July 17, 2024

‘The best way to lose weight, believe me, is to eat less,” said Boris Johnson as he defended the Government’s food strategy after proposals for a salt and sugar tax were ignored.

With that “believe me”, the Prime Minister hit a nerve for serial dieters: which parts of the vast smorgasbord of advice out there should we be following to ensure our health and happiness?

Along with the recent introduction of calories onto restaurant menus, it can feel as if we’re being shamed into giving up food altogether.

For Professor Tim Spector, the King’s College London epidemiologist celebrated for his work with identical twins, as well as diet and the microbiome, all of the above represents a backward step in the public understanding of how humans respond to and process food.

“For the past 100 years, we’ve been obsessed with calories, and it has really stopped us thinking about anything else,” says the 63-year-old author of The Diet Myth and Spoon-fed. He has been working hard to change that thinking.

When The Diet Myth was published in 2015, few people had an inkling of the role that the estimated 100 trillion microbes in our gut play in our digestion. Spector’s work has helped to put kefir in our fridges and kimchi in our jars. Via the Zoe Project, the world’s largest nutrition study, he has encouraged us all to join up and analyse our unique guts, blood fats and blood sugar responses.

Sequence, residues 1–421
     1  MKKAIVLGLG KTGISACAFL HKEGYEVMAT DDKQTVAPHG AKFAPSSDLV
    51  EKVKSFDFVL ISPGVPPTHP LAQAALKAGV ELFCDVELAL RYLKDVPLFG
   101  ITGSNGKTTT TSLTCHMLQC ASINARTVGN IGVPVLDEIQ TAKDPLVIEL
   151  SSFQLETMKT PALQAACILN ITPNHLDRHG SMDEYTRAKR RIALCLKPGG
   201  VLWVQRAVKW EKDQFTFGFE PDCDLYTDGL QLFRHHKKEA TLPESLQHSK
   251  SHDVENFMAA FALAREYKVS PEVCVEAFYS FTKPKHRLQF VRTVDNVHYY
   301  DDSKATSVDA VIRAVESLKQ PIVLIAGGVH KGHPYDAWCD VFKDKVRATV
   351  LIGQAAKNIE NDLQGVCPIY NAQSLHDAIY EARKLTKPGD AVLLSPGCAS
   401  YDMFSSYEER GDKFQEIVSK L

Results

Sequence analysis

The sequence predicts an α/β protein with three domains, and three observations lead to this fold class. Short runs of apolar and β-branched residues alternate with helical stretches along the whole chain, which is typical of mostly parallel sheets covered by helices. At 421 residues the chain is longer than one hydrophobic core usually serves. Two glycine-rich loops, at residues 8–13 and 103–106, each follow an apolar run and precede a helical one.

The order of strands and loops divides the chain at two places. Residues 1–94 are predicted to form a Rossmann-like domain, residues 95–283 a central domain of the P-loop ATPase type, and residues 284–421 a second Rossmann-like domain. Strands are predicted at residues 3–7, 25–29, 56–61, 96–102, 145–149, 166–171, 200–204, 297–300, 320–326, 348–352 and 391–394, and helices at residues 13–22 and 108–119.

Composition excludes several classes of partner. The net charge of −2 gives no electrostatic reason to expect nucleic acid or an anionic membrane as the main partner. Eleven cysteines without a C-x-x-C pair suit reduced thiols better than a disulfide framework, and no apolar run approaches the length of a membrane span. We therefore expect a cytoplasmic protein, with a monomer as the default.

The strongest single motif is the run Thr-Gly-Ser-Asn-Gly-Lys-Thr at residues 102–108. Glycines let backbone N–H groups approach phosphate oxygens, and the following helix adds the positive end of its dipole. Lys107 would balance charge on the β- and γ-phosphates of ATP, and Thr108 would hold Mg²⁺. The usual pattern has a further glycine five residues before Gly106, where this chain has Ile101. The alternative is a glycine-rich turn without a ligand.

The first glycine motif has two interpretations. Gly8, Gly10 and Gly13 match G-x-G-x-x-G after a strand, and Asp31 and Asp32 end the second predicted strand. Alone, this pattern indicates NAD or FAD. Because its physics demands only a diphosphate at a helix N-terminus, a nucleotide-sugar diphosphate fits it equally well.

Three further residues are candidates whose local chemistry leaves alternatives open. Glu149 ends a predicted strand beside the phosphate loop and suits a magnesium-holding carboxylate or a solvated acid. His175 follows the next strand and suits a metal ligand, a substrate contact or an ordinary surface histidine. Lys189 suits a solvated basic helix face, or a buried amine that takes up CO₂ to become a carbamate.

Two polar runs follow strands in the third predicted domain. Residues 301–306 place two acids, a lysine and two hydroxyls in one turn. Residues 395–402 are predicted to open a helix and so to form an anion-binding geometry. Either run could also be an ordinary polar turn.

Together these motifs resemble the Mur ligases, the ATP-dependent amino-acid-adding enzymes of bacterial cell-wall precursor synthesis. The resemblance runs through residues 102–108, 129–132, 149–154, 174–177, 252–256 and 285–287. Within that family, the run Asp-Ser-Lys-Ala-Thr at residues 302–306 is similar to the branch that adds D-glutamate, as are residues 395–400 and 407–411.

Today, though, his number one myth target is that calories are a useful way to monitor our diet. Not only are calorie estimates often less accurate than we might hope, Spector’s studies of twins have shown that humans vary hugely in how much energy they extract from a given food.

The daily allowances for men and women, Spector says, are not based on hard data. So I ask him: what should we be aiming for? Even asking the question, he says, gives credence to the idea that there is a perfect figure. “If it was only 1,900, would that make a difference? No, it wouldn’t.”

And when people are told to avoid calorie-dense foods, Spector says that advice can be taken to be encouraging the consumption of low-calorie drinks and low-fat foods. “It’s why we support this multi-billion-pound diet industry of low-calorie shakes and Weight Watchers, and all that other stuff.”

So, what other diet myths are we swallowing, according to Professor Spector?

Myth: exercise to lose weight

Exercise does require energy, but our metabolism adjusts to that loss by storing more energy as fat the next time we eat.

Our body is programmed to keep our biology steady, known as homeostasis, so if our energy levels are drastically changed with lots more exercise and less food, our metabolism will respond by slowing the weight loss down and eventually put it back on very quickly when we go back to normal activity and food – which is what we see in yo-yo dieters who put all the weight they initially lose back on. “Saying that exercise alone is a good way to reach a healthy weight in the long-term is complete rubbish,” Prof Spector says.

Myth: eat less to lose weight

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